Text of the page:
On January 1, 2018, California Government Code § 12952 goes into effect.  § 12952 is yet another state law that regulates how employers can use criminal background checks in the hiring process.  Although state laws governing this practice have become commonplace, § 12952 is unique in that it contains new requirements as to what a potential employer must include in a pre-adverse action letter to job applicants – beyond what the federal Fair Credit Reporting Act (“FCRA”) already mandates.  California employers should review their forms to ensure they comply with this new California requirement.

When a potential employer is considering not hiring a job applicant based on information the employer learns from a criminal background check (among other types of background checks), the employer must follow the FCRA’s pre-adverse action protocol.  Under this protocol, the employer must provide the applicant with a copy of the background check and an FCRA summary of rights before making a final employment decision regarding the applicant.  This gives the applicant the opportunity to review the background check and point out any errors he or she believes exist.  Employers often deliver this information to applicants with a pre-adverse action letter, which typically informs the applicant about the possibility of adverse action.  Importantly, the FCRA does not require any specific content in the pre-adverse action letter.  The FCRA does not even require a letter at all.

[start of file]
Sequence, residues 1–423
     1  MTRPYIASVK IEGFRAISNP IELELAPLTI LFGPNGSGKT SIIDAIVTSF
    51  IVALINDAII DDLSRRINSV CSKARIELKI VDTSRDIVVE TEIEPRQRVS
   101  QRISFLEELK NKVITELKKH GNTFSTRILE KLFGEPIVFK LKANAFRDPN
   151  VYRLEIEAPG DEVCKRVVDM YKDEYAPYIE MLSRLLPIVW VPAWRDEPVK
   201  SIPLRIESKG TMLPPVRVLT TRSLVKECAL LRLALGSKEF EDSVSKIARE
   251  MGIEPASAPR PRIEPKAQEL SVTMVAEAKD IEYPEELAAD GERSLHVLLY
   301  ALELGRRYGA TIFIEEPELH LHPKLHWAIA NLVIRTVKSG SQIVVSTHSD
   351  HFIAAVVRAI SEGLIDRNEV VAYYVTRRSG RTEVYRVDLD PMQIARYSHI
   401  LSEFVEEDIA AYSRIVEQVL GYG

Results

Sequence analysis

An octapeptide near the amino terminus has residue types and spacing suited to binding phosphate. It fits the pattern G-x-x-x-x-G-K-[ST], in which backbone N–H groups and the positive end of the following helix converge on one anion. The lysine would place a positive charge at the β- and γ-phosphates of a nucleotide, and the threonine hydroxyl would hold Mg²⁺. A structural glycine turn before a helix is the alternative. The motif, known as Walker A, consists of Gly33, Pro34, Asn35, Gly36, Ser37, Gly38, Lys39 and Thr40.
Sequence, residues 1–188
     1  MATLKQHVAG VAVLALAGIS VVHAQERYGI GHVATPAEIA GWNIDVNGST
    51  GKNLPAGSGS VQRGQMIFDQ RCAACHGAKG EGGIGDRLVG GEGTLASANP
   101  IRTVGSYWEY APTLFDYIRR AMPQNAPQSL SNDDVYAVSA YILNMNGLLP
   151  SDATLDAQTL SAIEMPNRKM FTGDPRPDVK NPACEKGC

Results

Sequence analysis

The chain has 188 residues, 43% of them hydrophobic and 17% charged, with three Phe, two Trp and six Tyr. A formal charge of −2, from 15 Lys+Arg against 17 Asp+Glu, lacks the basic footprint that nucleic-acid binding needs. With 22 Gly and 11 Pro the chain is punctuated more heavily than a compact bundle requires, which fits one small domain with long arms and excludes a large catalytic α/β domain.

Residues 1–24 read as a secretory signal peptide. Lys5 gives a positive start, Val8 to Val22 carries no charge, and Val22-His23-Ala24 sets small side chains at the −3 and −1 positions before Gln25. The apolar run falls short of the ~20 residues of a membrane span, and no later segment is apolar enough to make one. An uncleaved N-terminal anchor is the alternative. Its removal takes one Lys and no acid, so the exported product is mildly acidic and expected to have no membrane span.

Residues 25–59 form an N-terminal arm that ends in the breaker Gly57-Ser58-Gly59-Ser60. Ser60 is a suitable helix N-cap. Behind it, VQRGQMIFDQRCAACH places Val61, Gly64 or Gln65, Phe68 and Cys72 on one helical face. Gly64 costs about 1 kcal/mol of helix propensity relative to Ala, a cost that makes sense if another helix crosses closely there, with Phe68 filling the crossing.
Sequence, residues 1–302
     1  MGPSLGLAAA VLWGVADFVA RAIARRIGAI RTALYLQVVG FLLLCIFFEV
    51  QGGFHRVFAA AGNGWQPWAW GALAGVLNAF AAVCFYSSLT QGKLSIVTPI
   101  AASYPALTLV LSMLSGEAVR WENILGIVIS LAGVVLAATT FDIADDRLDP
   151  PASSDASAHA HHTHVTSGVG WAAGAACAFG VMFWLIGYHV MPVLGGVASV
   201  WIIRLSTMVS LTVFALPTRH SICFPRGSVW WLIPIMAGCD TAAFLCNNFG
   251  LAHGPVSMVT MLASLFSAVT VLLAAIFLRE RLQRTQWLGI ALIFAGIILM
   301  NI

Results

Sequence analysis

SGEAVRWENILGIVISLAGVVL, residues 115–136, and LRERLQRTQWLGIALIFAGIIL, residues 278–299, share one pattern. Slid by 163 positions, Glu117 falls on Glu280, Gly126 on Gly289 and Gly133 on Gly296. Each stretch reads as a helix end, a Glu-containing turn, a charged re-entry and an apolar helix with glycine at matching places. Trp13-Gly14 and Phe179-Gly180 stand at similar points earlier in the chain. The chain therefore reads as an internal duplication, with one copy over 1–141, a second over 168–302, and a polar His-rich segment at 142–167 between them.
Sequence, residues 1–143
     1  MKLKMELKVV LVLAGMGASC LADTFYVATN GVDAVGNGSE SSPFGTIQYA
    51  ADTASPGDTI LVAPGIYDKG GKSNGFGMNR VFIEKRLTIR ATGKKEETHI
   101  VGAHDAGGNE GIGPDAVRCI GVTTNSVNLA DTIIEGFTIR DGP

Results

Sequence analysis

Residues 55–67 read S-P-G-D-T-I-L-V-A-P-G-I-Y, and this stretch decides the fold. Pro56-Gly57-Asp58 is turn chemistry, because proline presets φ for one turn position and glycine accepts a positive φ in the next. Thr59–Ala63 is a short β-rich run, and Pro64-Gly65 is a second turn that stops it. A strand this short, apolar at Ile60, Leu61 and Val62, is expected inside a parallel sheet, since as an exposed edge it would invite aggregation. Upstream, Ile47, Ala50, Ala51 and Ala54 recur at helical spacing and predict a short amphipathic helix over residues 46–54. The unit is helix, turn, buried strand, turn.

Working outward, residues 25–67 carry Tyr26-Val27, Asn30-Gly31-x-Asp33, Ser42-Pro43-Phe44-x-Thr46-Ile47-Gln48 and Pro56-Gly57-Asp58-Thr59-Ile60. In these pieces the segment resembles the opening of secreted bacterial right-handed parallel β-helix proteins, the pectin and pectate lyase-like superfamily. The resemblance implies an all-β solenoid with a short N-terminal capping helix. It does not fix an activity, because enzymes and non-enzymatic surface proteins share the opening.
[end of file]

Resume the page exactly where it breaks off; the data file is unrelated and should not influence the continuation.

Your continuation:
California Government Code § 12952 changes that for Californians.  Under this new code section, the employer must provide the applicant with specific written notifications regarding the potential adverse action.  These notifications include the following:

  • Notification that the employer has made a “preliminary decision that the applicant’s conviction history disqualifies the applicant from employment;”
  • Notification of the disqualifying conviction or convictions that are the basis for the preliminary decision to rescind the offer of employment;
  • A copy of the conviction history report, if any; and
  • An explanation of the applicant’s right to respond to the notice of the employer’s preliminary decision before that decision becomes final and notification of the deadline by which the applicant may respond.  This explanation must inform the applicant that the response may include the submission of evidence challenging the accuracy of the conviction history report that is the basis for rescinding the offer, evidence of rehabilitation or mitigating circumstances, or both.